After playing in world’s top leagues, Marc Navarro enjoying life with El Paso Locomotive

There are so many different ways to go with the first question to Marc Navarro, the well-traveled Spanish defender with the El Paso Locomotive getting ready to travel to Monterey Bay for a Saturday night match.

Here’s one: What was it like to play against Lionel Messi at Barcelona’s Camp Nou in front of 79,774 fans, something he did in 2018 for Espanyol in a La Liga game?

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“It was crazy,” the 28-year-old Navarro said. “When you are young and you watch the television, that’s one of your dreams, to play with players like that. That’s one history I can tell my sons: I played against the best player in the world in history.

“In the game you don’t think a lot about it, you are focused in playing the game. But now, looking back, yes it was incredible.

“A lot of time (his teammates) ask me about playing against Messi. It was amazing, it was an incredible experience. But now I’m here. I want to prove myself here, to play, to enjoy try to win the league here. El Paso is now my team and I love it.”

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That brings up another obvious question. The Barcelona native was playing in La Liga for a hometown team, Espanyol, and not infrequently, in 2017-19. He then spent two years with Watford in the English Premier League. In four years at the two highest leagues in the world, he played 39 games — not quite full time but an accomplished resumé that seems like it could have landed him in a lot of places when he left Watford in 2021.

So what is he doing in El Paso, in the USL, his first stop after taking one year off?

“I was one year without playing, I came here to again be myself,” Navarro said. “It was a good decision. I am enjoying myself, I’m playing every week, I’m happy to be here with my teammates in this league. I’m starting to feel fit to play. I’m happy with my decision to come here.”

Part of that is that despite his time in the world’s top leagues, there wasn’t a big demand for him when he and Watford parted ways in Nov. 2021. Eventually his agent suggested the USL, which is home to some Spanish players, including El Paso’s Yuma and Navarro’s friend Koke Vagas (they played together with the Espanyol reserves early in their careers) with the San Diego Loyal.

“In the beginning I didn’t know about this league,” Navarro said. “We see Liga, the Premier League, maybe the Mexican league and the MLS. We don’t usually see USL, but when my agent told me about this league, I have friends playing in it, I asked them.

“Koke Vegas from San Diego was in a situation similar to mine and he’s happy here. He had a history similar to mine. That’s what I was looking for.”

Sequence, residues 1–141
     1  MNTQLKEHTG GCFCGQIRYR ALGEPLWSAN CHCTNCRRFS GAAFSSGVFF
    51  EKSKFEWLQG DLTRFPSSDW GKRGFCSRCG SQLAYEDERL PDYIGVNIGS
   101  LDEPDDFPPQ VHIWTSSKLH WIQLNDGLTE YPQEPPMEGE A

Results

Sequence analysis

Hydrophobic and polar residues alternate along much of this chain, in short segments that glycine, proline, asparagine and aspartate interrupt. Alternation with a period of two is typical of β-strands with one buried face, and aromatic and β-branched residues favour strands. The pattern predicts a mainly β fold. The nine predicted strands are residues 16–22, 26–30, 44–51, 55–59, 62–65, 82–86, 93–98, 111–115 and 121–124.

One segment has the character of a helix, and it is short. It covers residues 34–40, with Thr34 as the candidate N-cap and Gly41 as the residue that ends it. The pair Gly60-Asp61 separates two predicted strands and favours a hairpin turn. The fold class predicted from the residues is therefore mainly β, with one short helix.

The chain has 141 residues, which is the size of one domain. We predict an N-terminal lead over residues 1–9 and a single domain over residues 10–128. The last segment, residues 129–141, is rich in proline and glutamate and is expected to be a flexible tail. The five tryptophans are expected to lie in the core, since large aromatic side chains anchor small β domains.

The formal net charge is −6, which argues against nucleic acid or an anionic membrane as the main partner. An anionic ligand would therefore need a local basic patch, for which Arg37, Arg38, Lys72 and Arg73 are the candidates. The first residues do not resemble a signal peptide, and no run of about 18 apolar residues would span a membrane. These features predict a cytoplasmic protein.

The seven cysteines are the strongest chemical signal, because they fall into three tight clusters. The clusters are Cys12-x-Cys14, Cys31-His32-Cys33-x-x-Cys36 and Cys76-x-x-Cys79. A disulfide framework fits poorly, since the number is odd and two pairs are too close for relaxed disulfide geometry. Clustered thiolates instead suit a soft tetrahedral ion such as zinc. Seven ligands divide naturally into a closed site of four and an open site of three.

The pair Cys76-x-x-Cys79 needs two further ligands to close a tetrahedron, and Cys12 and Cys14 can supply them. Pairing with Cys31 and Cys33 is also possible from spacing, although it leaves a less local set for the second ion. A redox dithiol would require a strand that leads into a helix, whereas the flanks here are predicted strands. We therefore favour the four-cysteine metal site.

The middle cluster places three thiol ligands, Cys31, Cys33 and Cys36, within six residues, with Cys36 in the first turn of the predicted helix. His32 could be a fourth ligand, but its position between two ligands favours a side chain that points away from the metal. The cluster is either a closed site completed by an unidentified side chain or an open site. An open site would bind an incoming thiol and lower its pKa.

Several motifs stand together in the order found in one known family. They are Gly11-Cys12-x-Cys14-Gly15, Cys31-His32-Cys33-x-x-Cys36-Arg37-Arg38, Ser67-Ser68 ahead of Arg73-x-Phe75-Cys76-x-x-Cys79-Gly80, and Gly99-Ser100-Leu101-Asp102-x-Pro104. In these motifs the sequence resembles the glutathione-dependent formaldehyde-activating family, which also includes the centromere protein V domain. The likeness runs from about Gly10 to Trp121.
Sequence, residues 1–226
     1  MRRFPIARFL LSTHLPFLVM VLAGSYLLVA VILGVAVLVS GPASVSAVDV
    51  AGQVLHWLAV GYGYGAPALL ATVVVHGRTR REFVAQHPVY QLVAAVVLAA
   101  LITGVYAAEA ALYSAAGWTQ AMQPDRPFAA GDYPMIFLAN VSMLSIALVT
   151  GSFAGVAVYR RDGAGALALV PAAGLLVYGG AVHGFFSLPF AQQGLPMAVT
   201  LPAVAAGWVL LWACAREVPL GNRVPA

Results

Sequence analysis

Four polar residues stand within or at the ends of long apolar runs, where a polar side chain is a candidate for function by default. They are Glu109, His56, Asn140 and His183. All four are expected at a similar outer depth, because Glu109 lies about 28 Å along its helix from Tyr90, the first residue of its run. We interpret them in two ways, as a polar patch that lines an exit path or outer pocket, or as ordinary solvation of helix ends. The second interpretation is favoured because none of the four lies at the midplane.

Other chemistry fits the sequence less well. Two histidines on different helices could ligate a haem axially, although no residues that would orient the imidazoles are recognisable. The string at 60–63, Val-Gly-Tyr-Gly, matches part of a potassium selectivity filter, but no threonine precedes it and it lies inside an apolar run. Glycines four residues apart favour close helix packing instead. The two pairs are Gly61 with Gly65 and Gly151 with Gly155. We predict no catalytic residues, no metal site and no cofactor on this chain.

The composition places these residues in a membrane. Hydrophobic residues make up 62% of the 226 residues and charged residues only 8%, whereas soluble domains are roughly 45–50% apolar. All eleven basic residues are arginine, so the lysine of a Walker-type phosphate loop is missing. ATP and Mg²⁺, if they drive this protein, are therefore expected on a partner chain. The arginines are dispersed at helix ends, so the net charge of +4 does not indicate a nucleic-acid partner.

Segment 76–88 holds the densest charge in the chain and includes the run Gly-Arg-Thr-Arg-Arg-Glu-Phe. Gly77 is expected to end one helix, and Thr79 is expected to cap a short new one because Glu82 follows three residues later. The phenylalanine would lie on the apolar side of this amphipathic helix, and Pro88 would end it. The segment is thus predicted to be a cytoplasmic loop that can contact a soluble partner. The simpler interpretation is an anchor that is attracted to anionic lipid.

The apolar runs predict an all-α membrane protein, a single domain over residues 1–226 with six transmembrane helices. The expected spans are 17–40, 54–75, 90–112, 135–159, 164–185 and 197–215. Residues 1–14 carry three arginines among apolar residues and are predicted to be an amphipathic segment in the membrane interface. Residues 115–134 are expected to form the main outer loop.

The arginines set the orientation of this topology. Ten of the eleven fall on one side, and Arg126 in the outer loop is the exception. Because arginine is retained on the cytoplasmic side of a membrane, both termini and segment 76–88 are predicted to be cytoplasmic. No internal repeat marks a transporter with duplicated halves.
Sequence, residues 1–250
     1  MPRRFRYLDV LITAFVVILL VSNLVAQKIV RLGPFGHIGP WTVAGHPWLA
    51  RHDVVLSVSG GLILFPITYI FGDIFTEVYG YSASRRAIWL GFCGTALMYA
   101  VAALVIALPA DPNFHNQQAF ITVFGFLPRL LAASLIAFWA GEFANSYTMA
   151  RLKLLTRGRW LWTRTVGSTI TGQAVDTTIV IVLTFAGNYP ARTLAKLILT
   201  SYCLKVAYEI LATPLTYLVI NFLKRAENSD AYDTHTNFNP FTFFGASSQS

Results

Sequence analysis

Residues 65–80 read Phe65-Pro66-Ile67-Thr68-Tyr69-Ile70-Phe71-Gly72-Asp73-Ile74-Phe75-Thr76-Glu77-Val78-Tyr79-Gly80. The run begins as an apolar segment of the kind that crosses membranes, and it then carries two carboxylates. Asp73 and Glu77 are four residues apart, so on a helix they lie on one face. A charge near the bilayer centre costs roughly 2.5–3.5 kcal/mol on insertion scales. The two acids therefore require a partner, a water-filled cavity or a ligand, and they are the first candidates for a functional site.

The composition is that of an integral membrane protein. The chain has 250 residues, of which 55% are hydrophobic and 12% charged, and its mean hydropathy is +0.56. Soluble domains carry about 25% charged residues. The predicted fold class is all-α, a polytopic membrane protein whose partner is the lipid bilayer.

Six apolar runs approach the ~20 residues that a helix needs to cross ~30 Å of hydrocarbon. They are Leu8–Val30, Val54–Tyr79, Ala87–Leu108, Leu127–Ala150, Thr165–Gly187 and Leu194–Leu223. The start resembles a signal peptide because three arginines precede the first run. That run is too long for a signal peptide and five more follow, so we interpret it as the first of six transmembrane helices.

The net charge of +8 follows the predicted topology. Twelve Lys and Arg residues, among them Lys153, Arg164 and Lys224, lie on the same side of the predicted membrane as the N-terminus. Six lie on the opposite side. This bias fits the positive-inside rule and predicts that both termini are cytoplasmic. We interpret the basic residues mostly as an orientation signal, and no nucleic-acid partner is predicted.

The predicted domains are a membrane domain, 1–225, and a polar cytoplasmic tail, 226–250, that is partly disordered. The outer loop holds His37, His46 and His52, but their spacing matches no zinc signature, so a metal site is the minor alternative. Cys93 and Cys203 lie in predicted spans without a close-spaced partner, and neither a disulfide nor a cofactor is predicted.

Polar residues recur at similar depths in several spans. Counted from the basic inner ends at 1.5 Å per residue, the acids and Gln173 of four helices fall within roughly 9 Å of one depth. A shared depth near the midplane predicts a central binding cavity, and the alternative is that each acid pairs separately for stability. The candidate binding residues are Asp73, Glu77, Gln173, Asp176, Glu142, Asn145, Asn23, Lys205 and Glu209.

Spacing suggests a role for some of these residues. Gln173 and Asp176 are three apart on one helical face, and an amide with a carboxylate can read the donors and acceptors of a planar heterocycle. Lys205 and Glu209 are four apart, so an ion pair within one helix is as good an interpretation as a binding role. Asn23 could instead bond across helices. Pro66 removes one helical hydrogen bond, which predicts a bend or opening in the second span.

There was also the matter of after taking a year off against his will, Navarro was ready to resurrect his career.

“It was a hard year,” he said of the year before signing with El Paso in Nov. 2022, shortly after that Locos season ended and one month before Brian Clarhaut was hired as El Paso’s manager. “I finished my contract with Watford, then I couldn’t find a team I wanted.

“I had to train by myself alone. It was a hard moment, maybe another player would have said, ‘I’m finished,’ but that’s not me. I wanted to keep playing, keep enjoying football, that’s what I love. I finally found this opportunity and I’m so happy to be here.”

El Paso’s happy to have him. Navarro is a mainstay on the back line for one of the league’s top defenses, for a team that can move back atop the league with a win at Monterey Bay. He’s a steadying presence in the back and also in the locker room.

“On the field, he’s a guy — I do a lot of tactics, probably more than many people in this league to be fair — but he’s someone who’s used to that,” Clarhaut said. “It’s normal for him, being in the levels he’s been in. That’s super-positive.

“He’s a good role model for our younger players, he’s a fantastic person. You would never know this guy has played in the Premier League or La Liga. He’s super down-to-earth and he gives a lot of leadership, a lot of guidance to our young players.”

That comes with the resumé.

“I can make good passes from behind the back line,” Navarro said. “I can bring my crosses to score and my defense to keep a clean sheet. My character inside of the team, in the locker room — I’m trying to be my best.”

As for the off-the-field transition, that’s made easier by speaking the same language as so many people here. While Catalan is the main language in Barcelona, Navarro natively speaks what Barcelonans refer to as Castilian and loves being in a place where he can use it.

“It’s good for me, I’m from Spain, this is my first language and I can talk with everyone,” he said. “I feel comfortable here, it’s easy to be comfortable here because I can speak with so many people in my language.

“The most difficult part is being so far from my family and friends. That’s hard. It’s not like you can just get back to Spain any time. But I’m happy, everyone is good with me and I can speak my language.”

Navarro has come a long ways from Spain to speak it, but everything about this El Paso stop on his journey feels comfortable and right for a player who has been on such big stages.

Bret Bloomquist can be reached at 915-546-6359; [email protected]; @Bretbloomquist on Twitter.

El Paso Locomotive at Monterey Bay FC

What, when, where: A USL Championship match, 8 p.m. MDT Saturday, Monterey, Calif.

Records: El Paso is 9-4-3, 2nd in USL West; Monterey is 7-6-5, 5th.


This article originally appeared on El Paso Times: Marc Navarro enjoying life with El Paso Locomotive


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